void ShowFirstDieFace(ATL_DRAWINFO& di);

void ShowSecondDieFace(ATL_DRAWINFO& di);

 

Figure 16: Adding ShowFirstDieFace() member function.

 

Figure 16: Adding ShowFirstDieFace() member function.

 

Figure 17: Adding ShowSecondDieFace() function to Cmyatldiceob class.

 

Figure 17: Adding ShowSecondDieFace() function to Cmyatldiceob class.

 

Using ClassView, add the following member variables.

short m_nDiceColor;

short m_nTimesToRoll;

short m_nTimesRolled;

 

 

 

 

 

 

 

 

 

 

 

 

 

 

 

Figure 18: Adding member variables to Cmyatldiceob class.

 

Figure 18: Adding member variables to Cmyatldiceob class.

 

Add the following member variables.

 

unsigned short m_nFirstDieValue;

unsigned short m_nSecondDieValue;

 

Figure 19: Adding member variable, m_nFirstDieValue to Cmyatldiceob class.

 

Figure 19: Adding member variable, m_nFirstDieValue to Cmyatldiceob class.

 

Figure 20: Adding member variable, m_nSecondDieValue to Cmyatldiceob class.

 

Figure 20: Adding member variable, m_nSecondDieValue to Cmyatldiceob class.

 

The following are the previously added member functions and variables. Take note that, the codes have been relocated just after the END_MSG_MAP().

 

MFC C++ code snippet - ATL and ActiveX Controls

 

Listing 2.

 

Add the Cmyatldiceob() codes. These codes are variables initialization.

 

Cmyatldiceob()

{

    m_bWindowOnly = TRUE;

    LoadBitmaps();

    srand((unsigned)time(NULL));

    m_nFirstDieValue = (rand() % (MAX_DIEFACES)) + 1;

    m_nSecondDieValue = (rand() % (MAX_DIEFACES)) + 1;

    m_nTimesToRoll = 15;

    m_nTimesRolled = 0;

    m_nDiceColor = 0;

}

 

MFC C++ code snippet - ATL and ActiveX Controls

 

Listing 3.

 

Add the #include directive for time related function.

 

#include "time.h"

 

MFC C++ code snippet - ATL and ActiveX Controls

 

Listing 4.

 

Edit the OnDraw(). Take note that, here, you will find that the location of the OnDraw() and a few other functions declared and defined in myatldiceob.h (default if using ClassView) while in the story part of this Tutorial, the functions declared in myatldiceob.h and defined in myatldiceob.cpp.

 

HRESULT OnDraw(ATL_DRAWINFO& di)

{

      RECT& rc = *(RECT*)di.prcBounds;

      ShowFirstDieFace(di);

      ShowSecondDieFace(di);

      return S_OK;

}

 

MFC C++ code snippet - ATL and ActiveX Controls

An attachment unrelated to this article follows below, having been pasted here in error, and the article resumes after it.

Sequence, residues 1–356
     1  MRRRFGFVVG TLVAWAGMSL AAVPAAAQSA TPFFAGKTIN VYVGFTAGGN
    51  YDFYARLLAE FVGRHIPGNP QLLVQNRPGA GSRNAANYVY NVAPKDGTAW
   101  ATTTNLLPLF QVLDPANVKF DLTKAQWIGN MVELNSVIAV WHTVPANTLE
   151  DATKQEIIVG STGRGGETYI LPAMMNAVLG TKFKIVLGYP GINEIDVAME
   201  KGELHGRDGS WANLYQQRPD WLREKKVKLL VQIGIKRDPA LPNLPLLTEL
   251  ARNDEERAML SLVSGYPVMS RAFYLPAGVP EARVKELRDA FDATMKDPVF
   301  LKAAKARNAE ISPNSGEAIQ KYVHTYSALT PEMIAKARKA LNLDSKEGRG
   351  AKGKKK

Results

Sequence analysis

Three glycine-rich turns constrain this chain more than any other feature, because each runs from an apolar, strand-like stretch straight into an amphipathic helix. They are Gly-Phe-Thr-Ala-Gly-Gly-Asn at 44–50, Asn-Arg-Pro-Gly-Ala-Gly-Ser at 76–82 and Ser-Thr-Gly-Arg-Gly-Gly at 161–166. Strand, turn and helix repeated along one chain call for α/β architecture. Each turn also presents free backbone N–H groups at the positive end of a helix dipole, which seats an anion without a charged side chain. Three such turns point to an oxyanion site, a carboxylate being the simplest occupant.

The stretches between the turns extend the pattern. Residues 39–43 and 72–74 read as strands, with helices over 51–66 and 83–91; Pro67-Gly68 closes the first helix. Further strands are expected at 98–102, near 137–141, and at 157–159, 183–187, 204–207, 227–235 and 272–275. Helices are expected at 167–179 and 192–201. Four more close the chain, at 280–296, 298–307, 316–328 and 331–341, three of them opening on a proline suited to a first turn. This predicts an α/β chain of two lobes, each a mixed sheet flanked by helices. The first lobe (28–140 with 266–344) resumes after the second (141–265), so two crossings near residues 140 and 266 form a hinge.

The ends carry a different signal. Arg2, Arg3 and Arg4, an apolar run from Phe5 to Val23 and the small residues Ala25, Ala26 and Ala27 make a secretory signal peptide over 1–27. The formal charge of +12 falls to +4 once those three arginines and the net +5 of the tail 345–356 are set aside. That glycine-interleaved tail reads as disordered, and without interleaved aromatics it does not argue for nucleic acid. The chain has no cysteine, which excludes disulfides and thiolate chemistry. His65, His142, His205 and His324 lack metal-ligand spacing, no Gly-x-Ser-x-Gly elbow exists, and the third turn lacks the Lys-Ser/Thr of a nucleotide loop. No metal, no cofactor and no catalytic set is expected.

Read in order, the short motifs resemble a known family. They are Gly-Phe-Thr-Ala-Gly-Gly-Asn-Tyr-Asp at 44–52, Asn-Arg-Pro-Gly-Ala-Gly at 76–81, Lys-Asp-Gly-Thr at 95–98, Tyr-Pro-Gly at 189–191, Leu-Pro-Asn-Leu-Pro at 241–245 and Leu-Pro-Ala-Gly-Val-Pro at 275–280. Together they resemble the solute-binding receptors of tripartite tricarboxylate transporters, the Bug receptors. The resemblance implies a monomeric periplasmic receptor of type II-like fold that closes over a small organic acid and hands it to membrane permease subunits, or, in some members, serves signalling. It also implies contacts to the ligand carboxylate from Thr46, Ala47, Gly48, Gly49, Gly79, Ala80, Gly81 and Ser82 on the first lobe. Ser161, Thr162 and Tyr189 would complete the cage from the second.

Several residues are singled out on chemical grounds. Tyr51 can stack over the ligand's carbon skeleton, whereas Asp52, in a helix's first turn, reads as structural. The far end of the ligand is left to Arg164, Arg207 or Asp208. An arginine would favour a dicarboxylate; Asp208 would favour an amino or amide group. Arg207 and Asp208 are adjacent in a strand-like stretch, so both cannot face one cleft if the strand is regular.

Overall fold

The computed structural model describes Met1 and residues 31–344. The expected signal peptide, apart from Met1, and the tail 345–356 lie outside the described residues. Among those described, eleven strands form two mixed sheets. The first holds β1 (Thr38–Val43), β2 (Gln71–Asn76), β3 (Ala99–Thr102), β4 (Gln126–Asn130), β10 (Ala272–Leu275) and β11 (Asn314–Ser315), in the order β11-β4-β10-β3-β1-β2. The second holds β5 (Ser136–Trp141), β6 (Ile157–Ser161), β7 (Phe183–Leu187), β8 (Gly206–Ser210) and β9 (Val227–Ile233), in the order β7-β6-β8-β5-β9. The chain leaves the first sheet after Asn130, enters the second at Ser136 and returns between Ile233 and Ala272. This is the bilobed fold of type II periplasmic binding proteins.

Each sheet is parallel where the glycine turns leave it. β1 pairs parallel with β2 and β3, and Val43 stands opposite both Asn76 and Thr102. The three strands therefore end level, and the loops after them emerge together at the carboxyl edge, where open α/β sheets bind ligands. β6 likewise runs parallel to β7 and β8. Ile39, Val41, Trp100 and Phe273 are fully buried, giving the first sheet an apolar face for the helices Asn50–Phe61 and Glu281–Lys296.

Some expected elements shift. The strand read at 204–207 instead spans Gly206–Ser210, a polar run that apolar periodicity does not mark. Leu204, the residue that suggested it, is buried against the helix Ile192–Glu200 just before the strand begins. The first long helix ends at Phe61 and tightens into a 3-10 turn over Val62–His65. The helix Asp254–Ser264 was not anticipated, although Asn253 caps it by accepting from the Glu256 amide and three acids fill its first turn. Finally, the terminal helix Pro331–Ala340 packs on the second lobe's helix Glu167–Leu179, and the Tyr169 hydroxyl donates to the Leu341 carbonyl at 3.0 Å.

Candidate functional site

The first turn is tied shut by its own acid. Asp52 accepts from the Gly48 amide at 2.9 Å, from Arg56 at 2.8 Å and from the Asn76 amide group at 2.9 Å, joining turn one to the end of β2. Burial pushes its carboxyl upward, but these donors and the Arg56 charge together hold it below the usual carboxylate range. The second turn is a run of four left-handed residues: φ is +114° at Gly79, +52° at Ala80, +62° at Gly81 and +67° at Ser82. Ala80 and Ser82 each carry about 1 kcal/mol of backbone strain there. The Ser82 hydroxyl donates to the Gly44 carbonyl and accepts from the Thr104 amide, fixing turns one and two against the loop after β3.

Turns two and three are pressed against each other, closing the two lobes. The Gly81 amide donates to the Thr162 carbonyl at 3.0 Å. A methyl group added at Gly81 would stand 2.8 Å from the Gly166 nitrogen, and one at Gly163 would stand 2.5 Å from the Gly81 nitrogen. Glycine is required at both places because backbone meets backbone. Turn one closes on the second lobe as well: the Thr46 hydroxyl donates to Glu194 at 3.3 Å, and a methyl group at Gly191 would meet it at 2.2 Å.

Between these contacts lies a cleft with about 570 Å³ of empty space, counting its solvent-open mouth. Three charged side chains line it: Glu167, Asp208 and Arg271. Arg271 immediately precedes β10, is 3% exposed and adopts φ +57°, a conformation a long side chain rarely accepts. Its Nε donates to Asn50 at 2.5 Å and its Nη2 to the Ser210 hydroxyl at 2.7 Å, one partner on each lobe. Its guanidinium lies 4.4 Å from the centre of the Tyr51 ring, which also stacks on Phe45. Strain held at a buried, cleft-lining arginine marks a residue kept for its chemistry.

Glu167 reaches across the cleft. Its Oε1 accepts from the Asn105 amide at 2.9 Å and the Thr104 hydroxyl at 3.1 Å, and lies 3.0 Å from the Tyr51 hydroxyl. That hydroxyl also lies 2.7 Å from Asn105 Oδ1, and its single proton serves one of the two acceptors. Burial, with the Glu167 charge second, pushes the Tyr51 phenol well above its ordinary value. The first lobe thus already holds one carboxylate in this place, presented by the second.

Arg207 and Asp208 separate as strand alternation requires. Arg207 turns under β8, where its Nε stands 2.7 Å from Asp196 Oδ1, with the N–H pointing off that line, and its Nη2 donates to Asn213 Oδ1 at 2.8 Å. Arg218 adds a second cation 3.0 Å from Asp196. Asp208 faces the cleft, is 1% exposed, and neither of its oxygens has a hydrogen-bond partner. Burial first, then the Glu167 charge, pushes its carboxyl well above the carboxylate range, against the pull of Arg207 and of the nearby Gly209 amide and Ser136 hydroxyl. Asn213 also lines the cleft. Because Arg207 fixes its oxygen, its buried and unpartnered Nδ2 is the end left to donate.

Listing 5.

 

Add WM_TIMER (OnTimer()) Windows message handler using ClassView to Cmyatldiceob class.

 

Figure 21: Adding WM_TIMER Windows message handler to Cmyatldiceob class.

 

Figure 21: Adding WM_TIMER Windows message handler to Cmyatldiceob class.

 

Figure 22: Adding WM_TIMECHANGE Windows message handler.

 

Figure 22: Adding WM_TIMECHANGE Windows message handler.

 

Add the OnTimer() code.

 

LRESULT OnTimer(UINT uMsg, WPARAM wParam, LPARAM lParam, BOOL& bHandled)

{

      // TODO : Add Code for message handler. Call DefWindowProc if necessary.

      if(m_nTimesRolled > 15)

      {

            m_nTimesRolled = 0;

            KillTimer(1);

      } else {

            m_nFirstDieValue = (rand() % (MAX_DIEFACES)) + 1;

            m_nSecondDieValue = (rand() % (MAX_DIEFACES)) + 1;

            FireViewChange();

            m_nTimesRolled++;

      }

      bHandled = TRUE;

      return 0;

}

 

MFC C++ code snippet - ATL and ActiveX Controls

 

Listing 6.

 

 

 

 

 

 

Further reading and digging:

  1. DCOM at MSDN.

  2. COM+ at MSDN.

  3. COM at MSDN.

  4. Win32 process, thread and synchronization story can be found starting from Module R.

  5. MSDN MFC 7.0 class library online documentation.

  6. MSDN MFC 9.0 class library online documentation - latest version.

  7. MSDN Library

  8. Windows data type.

  9. Win32 programming Tutorial.

  10. The best of C/C++, MFC, Windows and other related books.

  11. Unicode and Multibyte character set: Story and program examples.